On Foot

It's how you get there that matters.

 


 

Wanderlust: A History of Walking

 

The mind, the body, and the world align when you walk, Rebecca Solnit suggests, in this lively history of pedestrianism. From philosophers aimlessly wandering the landscape to an examination of  people who drive everywhere (even down the block), Solnit chronicles walking’s place in our culture throughout the past and into its (possibly threatened) future.

 

 

 

 

 


A Time of Gifts

By Patrick Leigh Fermor

 

A Time of Gifts elegantly chronicles the first segment of the 18-year-old Fermor’s 1933-‘34 walk from London to Constantinople -- beginning in England and concluding at the shores of the Danube. Hitler had arrived in power but the convulsions of the century's most destructive war had not yet begun.  This coming-of-age memoir and classic travel book is also a study of Europe before its headlong descent into chaos and violence.

 

 

 

 


 

The Lost Art of Walking

By Geoff Nicholson

 

Nicholson unpacks humankind's most basic activity tp reveal the incredible worlds within it.  The varieties of experience brought under his careful gaze are legion: a Wonder Woman impersonator striding to work; "competitive pedestrians"; and the intersection between nudism and hiking.  What animates and draws together these diverse portraits is  Nicholson’s evident and  pure love for the act of walking itself.

 

 

 

 


 

A Walk in the Woods: Rediscovering America on the Appalachian Trail

By Bill Bryson

 

Bryson and his overweight, former drug addict buddy Katz decide to hike the more than 2,000 miles of the Appalachian Trail one summer and find some crazy characters and situations along the way. Buried in the hilarity, though, is a history of the trail and the environmental damage it’s suffered.

 

 

 

 

 


 

The Places in Between

By Rory Stewart

 

Afghanistan in 2002 isn’t the first place you’d think to go for a long stroll, but the award-winning  journalist Rory Stewart decided on just such a traverse the war-torn country, witnessing ancient communities torn apart and encountering teen soldiers as well as Taliban commanders. The result is an engrossing, sometimes harrowing literary tour de force, in which Stewart's prodigious feat proves not to be an end in itself, but the means by which he can unfold some of the regions true mysteries.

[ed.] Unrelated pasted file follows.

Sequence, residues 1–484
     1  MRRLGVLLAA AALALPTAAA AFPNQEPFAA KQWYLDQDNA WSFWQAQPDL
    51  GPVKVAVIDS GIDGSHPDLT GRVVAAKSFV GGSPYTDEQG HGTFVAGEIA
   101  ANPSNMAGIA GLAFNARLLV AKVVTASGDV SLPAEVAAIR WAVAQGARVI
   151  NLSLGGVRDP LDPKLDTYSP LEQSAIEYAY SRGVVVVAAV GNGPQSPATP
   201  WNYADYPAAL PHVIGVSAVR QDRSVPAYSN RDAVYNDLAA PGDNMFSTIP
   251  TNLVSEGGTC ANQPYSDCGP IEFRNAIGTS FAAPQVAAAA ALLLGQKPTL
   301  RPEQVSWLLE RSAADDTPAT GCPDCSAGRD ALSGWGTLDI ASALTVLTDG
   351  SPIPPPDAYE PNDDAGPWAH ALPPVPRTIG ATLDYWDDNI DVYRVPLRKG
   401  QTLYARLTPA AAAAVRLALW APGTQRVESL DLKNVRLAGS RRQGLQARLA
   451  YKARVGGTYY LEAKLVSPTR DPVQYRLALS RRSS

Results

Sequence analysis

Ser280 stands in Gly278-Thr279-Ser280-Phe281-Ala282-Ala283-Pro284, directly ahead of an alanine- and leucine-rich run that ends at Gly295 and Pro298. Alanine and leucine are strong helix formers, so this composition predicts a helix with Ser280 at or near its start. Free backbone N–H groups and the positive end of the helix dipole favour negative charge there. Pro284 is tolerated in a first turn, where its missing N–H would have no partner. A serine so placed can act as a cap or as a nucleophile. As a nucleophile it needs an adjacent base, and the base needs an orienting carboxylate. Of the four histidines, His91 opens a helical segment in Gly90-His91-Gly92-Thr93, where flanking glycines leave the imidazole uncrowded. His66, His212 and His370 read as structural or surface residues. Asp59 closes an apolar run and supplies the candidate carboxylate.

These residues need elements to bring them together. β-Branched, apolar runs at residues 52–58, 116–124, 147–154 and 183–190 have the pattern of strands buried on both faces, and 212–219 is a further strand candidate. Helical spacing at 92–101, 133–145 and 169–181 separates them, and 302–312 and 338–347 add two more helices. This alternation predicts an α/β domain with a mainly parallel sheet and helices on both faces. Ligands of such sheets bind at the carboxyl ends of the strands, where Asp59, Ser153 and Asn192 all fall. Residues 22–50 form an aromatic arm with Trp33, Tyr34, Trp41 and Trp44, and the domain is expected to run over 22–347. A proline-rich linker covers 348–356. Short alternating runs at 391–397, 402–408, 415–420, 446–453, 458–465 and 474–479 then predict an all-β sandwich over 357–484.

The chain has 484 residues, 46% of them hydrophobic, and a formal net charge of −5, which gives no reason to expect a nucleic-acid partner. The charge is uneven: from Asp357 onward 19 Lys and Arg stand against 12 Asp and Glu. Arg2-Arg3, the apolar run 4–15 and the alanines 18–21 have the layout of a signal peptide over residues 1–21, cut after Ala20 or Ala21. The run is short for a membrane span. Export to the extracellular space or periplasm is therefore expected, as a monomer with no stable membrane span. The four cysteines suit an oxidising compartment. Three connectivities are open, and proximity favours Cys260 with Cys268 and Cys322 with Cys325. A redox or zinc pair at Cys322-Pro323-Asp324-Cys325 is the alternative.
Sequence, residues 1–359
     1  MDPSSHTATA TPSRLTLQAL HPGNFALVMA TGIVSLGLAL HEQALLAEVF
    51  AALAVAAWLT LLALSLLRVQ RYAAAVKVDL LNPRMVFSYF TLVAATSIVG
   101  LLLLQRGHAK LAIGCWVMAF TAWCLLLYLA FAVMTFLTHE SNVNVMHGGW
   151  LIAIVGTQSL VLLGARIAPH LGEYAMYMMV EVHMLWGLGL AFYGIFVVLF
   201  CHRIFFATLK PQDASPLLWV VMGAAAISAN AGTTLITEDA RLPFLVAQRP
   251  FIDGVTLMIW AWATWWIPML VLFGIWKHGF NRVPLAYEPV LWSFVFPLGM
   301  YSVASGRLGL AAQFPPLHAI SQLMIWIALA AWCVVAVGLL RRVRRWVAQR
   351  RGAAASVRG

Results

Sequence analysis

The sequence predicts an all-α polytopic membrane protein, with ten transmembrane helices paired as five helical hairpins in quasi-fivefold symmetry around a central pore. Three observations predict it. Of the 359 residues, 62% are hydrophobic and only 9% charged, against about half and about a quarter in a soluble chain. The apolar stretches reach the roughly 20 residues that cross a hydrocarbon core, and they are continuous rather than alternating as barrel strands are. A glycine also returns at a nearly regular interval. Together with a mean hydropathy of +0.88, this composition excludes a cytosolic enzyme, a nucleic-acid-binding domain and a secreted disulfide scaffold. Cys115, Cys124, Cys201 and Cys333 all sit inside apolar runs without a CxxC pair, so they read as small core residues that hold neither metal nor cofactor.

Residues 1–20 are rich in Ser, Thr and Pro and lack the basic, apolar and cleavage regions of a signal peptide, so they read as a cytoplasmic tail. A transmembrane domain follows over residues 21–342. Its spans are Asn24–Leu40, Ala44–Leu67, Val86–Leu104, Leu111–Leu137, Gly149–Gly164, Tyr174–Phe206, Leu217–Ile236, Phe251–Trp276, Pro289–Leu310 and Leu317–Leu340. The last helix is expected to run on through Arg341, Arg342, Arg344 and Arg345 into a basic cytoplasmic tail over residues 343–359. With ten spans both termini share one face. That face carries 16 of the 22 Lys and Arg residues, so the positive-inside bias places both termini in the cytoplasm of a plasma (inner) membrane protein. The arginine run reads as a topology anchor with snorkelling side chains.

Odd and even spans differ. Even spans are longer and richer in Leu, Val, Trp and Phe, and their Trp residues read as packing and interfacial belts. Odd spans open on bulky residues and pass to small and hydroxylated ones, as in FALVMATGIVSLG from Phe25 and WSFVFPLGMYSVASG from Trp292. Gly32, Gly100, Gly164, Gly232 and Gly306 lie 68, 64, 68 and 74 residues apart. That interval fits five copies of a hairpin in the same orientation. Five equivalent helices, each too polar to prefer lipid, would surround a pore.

April 19: "What you see first, after the starting gun's crack, is a column of bobbing runners, thousands of them, surging downhill..."

Donna Tartt's The Goldfinch is the winner of the 2014 Pulitzer Prize for Fiction. James Parker calls this Dickensian coming-of-age novel "an enveloping…

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Books, CDs, DVDs to know about now
Poems That Make Grown Men Cry

And women too.  Luminaries from Colin Firth to Nick Cave and Jonathan Franzen chose the poems that bring them to tears, and the result is a stunning collection of poignant verse from writers like Auden, Whitman, Bishop, Larkin, Neruda and many others.  Warning: choking-up hazard.

The King of Pain

Trapped beneath his entertainment system, reality TV mastermind Rick Salter reflects on his life and tries to piece together the events of the previous evening. Seth Kaufman’s romp is an outrageous meditation on pain and entertainment in a deranged world in which the two are often interchangeable.

The Good Inn

Frank Black, frontman for the Pixies, has written a transgressive historical fiction with shades of Thomas Pynchon (focused as it is on the history of explosives and cinematic pornography), all set in a hallucinatory Edwardian Europe.